The issue of reserving private sector jobs for people domiciled within the same State may face its first judicial test soon. The Supreme Court has asked the Punjab and Haryana High Court to decide within four weeks the validity of the Haryana law mandating 75% reservation for local candidates in private sector jobs that pay up to ₹30,000 a month. Even though the apex court set aside an interim stay order granted by the High Court, it was only doing so because the stay was granted without assigning reasons. It is a settled principle that legislation cannot be stayed unless there is a preliminary finding that it is unconstitutional or suffers from any glaring illegality. There are quite a few issues that arise when the State introduces a quota in the private sector, especially if it is based on a domicile norm. Andhra Pradesh and Jharkhand have also introduced such laws, while the ruling DMK in Tamil Nadu had promised 75% reservation in its election manifesto for last year’s Assembly polls. Given the bleak employment situation in the backdrop of the reported loss of millions of jobs during the pandemic, it is no surprise that the leadership in every State seeks to find employment opportunities for its youth. In some States, employers may find it cheaper to use the services of those from a faraway State, while in others there may be an acute shortage of labour within the local population.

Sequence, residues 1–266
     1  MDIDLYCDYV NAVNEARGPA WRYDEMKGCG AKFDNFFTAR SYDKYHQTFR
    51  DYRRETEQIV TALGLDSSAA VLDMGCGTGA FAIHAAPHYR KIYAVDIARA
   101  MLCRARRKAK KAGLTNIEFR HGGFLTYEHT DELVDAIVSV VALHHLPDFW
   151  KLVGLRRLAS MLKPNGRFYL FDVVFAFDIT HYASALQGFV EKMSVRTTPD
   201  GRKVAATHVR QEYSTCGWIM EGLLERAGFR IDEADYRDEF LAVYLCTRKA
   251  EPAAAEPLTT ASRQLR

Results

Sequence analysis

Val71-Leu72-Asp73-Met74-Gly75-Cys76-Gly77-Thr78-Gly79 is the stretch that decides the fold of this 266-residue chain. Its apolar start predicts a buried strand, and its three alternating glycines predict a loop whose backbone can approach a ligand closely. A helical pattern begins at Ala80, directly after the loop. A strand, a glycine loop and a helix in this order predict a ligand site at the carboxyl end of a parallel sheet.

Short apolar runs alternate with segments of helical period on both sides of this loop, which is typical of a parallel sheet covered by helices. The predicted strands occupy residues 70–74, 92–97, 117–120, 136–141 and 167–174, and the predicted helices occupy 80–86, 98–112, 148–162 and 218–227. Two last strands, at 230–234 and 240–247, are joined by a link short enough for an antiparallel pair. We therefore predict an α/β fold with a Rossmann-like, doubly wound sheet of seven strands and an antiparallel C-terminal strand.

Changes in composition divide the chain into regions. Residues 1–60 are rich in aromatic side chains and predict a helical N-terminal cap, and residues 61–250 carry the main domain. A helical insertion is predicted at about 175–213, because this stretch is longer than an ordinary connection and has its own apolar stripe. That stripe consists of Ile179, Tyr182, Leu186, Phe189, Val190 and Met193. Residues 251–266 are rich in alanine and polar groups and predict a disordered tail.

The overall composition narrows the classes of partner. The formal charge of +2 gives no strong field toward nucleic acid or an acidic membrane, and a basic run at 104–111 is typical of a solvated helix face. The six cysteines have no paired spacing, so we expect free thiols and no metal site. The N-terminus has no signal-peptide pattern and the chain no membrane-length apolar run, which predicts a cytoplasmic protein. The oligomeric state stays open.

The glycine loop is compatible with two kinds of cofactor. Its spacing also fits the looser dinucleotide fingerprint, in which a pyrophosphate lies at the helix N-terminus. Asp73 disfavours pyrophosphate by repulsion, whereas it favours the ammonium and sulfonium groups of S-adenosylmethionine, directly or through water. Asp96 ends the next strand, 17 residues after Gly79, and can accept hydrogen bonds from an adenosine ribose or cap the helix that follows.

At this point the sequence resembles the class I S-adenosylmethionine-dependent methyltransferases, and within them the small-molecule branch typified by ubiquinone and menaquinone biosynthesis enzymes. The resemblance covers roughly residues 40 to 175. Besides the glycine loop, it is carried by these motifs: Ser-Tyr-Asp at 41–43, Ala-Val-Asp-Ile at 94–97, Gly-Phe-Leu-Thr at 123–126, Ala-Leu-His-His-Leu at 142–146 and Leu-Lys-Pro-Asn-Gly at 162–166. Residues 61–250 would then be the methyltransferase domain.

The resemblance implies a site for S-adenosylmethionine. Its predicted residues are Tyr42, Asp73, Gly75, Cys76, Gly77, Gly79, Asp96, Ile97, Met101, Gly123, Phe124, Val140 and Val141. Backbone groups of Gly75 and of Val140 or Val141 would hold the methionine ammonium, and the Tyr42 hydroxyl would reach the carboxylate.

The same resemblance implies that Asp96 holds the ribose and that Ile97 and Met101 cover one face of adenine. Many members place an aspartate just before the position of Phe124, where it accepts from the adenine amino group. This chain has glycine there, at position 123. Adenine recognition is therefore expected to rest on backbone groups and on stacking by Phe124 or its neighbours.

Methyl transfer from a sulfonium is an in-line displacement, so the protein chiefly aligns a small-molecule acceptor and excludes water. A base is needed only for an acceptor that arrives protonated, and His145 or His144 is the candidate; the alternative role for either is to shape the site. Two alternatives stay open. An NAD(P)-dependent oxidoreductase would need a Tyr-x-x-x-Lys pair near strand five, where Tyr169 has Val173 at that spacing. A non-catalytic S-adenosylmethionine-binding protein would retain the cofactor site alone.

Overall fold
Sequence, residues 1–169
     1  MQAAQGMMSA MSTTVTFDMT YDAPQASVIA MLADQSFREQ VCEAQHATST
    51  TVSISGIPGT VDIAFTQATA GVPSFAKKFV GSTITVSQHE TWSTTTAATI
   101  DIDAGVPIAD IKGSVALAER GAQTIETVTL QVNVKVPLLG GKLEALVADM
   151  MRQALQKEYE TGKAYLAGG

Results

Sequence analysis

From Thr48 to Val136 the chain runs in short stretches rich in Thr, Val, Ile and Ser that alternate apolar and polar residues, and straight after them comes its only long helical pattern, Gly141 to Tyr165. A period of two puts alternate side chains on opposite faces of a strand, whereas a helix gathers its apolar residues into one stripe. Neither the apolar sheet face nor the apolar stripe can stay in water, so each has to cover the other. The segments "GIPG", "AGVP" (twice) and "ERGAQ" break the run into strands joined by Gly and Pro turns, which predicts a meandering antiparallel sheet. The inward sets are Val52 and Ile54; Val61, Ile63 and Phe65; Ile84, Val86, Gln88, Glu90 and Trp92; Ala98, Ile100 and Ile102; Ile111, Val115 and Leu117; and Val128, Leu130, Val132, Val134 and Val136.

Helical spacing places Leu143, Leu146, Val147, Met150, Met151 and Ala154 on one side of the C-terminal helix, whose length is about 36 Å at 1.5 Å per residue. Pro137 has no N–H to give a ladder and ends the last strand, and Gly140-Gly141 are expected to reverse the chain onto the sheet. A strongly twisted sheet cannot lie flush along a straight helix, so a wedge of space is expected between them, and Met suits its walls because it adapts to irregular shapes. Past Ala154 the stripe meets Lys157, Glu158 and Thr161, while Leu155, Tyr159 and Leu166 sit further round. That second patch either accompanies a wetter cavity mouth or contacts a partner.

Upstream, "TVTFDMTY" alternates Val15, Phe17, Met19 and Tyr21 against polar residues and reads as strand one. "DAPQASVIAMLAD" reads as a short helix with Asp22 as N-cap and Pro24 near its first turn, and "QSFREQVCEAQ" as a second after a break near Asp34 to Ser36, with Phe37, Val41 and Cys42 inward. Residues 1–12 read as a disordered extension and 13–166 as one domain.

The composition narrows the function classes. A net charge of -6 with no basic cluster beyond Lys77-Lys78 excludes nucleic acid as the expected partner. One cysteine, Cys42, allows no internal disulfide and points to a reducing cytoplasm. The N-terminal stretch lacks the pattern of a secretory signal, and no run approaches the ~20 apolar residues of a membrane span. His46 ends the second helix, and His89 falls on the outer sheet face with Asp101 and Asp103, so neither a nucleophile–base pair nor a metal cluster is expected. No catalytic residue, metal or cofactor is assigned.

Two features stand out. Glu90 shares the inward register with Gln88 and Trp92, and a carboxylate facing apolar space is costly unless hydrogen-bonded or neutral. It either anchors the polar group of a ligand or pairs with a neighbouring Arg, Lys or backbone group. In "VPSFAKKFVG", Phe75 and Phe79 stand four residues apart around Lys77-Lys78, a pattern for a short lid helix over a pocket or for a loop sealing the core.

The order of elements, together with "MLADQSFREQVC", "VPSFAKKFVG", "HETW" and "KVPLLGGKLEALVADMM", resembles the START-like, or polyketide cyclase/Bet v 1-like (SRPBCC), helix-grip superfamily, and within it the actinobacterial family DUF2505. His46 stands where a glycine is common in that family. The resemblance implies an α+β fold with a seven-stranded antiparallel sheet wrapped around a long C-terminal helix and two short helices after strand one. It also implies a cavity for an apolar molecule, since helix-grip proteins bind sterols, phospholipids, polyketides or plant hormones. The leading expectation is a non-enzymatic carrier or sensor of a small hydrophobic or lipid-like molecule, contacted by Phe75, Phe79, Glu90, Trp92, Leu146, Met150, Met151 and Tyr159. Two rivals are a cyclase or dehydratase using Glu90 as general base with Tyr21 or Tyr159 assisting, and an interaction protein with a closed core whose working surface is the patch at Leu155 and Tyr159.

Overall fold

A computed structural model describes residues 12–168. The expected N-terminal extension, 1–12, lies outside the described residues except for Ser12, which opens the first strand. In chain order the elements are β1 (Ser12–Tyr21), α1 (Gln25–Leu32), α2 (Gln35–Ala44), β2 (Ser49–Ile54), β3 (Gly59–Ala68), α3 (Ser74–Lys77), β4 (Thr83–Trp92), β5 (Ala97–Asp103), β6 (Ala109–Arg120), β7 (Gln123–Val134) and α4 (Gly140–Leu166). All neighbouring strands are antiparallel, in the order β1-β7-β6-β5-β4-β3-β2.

The first hurdle that a law such as the Haryana State Employment of Local Candidates Act will face is the constitutional bar on discrimination on the basis of place of birth or residence. Even though the Constitution allows the Government to prescribe a residential criterion for employment to public posts, it is doubtful whether such a measure can be extended to the private sector. In the Haryana case, it covers companies, societies, trusts, partnership firms and individual employers. The industry may feel aggrieved that the residential requirement may adversely affect the hiring of talent from outside Haryana. From an individual point of view, the law may impinge on the freedom of movement, the right to reside and settle in any part of the country, and the right to carry on any occupation. Of course, the Act provides for exemption to any employer if an adequate number of local candidates are not available in terms of skill, qualification and proficiency. And there is a sunset clause: the Act will cease to operate in 10 years. Beyond the question of legality, what is flagged by such developments is the state of the economy, especially the labour economy. Rapid urbanisation and the agrarian situation are behind large-scale migration in search of employment. The real issue to address is the widespread disparities between urban and rural areas, between advanced States and backward ones.